The disciples heard this but it never quite registered.  I compare this to me attending a risk management class in the late 1990’s.  I was the only program manager in the class.  The rest of the class were bona fide geeks, some even had slide rules and like to use them.  This was in the age of computers and mega-calculators, they wanted to work out these complicated risk equations by hand.

I bought the software that did all of this stuff behind the scenes.  For the risk equations that I had to do as part of the class, I was glad when they were finished.  The geeks wanted more problems to work.

These two disciples believed what they could wrap their minds around, but surely did not comprehend the magnitude of what had happened.  There was some cognitive dissonance between what they were doing their best to believe and their understanding of what they believed.
These two men did the only thing they could think to do.  

They went home.

Sometime during this epiphany by the men, Mary had made her way back to the tomb.  She is not listed among the contenders in the race described only between Peter and John.  Perhaps she walked back and caught her breath as she had already run back to report her earlier observations.

Whatever the case, she was at the tomb again, and she stood outside the entrance crying.  She bent over and looked inside and this time there were two angels in white seated where the body of Jesus had been.

The angels spoke and in one of the few times where angels have speaking parts in the New Testament, they don’t begin what they have to say with “Fear not!”

Instead, they ask:  “Woman, why are you crying?”

Mary surely exasperated, replied, “They have taken my Lord and I don’t know where they have put him.”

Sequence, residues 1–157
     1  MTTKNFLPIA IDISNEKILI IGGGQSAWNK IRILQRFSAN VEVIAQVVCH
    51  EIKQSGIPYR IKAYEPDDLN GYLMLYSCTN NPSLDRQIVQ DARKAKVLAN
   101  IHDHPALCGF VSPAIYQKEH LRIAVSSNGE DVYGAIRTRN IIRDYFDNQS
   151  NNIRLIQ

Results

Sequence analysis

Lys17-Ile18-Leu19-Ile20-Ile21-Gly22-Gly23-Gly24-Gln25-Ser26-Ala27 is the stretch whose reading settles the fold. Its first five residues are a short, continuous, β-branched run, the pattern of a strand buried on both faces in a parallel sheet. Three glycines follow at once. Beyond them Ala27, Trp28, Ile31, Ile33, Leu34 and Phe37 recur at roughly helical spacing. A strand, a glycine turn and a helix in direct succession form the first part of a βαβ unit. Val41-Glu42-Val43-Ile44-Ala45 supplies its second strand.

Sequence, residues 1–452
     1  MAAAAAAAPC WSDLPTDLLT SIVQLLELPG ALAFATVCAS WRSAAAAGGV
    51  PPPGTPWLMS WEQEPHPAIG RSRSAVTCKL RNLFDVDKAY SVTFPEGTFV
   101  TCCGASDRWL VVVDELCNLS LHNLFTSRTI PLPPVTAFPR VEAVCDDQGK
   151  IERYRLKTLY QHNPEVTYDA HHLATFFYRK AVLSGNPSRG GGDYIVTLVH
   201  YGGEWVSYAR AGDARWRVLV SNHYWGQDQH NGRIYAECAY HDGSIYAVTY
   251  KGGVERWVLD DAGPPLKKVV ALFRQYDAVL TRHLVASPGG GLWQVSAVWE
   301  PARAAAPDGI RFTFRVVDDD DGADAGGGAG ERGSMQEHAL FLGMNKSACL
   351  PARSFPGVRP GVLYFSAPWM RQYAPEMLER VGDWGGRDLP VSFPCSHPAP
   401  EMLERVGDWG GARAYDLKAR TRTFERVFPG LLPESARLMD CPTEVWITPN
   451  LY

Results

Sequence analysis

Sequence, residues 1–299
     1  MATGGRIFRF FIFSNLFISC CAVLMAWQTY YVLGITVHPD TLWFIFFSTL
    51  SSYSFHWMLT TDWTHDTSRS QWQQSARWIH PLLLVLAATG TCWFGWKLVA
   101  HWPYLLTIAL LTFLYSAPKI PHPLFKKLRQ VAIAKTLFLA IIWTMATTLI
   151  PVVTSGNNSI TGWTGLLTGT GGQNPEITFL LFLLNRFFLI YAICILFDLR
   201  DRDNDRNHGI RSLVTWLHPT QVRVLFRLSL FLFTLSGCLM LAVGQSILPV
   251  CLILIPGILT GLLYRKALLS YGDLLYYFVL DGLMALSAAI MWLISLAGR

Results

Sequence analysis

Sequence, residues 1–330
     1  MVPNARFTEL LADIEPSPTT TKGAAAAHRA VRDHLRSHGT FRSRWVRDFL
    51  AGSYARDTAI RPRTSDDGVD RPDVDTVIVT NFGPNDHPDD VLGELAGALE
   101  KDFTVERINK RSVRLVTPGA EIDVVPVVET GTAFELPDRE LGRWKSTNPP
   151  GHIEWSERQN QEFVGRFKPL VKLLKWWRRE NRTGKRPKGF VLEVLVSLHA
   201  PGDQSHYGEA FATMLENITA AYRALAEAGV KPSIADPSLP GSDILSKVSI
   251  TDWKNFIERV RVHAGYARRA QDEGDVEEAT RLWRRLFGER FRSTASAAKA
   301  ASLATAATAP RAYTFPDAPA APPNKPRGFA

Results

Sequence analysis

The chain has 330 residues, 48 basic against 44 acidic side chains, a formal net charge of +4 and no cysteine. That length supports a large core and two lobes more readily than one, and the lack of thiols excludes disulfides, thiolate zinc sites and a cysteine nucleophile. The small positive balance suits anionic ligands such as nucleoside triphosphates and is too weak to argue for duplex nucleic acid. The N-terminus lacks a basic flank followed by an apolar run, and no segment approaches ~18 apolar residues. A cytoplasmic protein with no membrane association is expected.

We might think that the angels were a little callous.  Did they not know the anguish of this woman?

I have visited the homes of families that had just lost a loved one many times and never have I thought of beginning a conversation with the phrase, “Why are you crying?”

Were these the only angels available for duty on that weekend?  Weren’t there some with better tact?  C’mon, really, who begins a conversation on a day such as this with “Why are you crying?”

What were they thinking?

In the late 1980’s, I was stationed on independent duty in Des Moines, Iowa.  My mission was to train reservists and make sure they were ready to deploy to combat.  We didn’t do things the traditional way that reserves train with a show up Saturday morning and go home Sunday afternoon.

We came in Friday evening and trained until late Sunday afternoon.  We did our best to squeeze 2 weeks of training into about 50 hours.  You had to throw in a little sleep because some of these young men had a hundred miles to drive home at the end of the weekend.

As the end of the training drew near, I would gather with the reserve officers as the Marines did their final inspections and turned in their weapons.  This was a critical time as I had to make sure the officers were already tuning in for the next month’s training.  I did not want to be interrupted.

On one occasion, my admin chief—a gunnery sergeant—kept sticking his head in the door raising a finger that he just needed a moment.  I gave him the look that said “no.”  He did this a couple more times and I gave him the look a couple more times.

This was my time with these officers before they returned to were often consumed by their civilian jobs.  Did the gunny not get this?  He had access to me all week long.  These few men in my office were going home in a few minutes.  Didn’t he get it?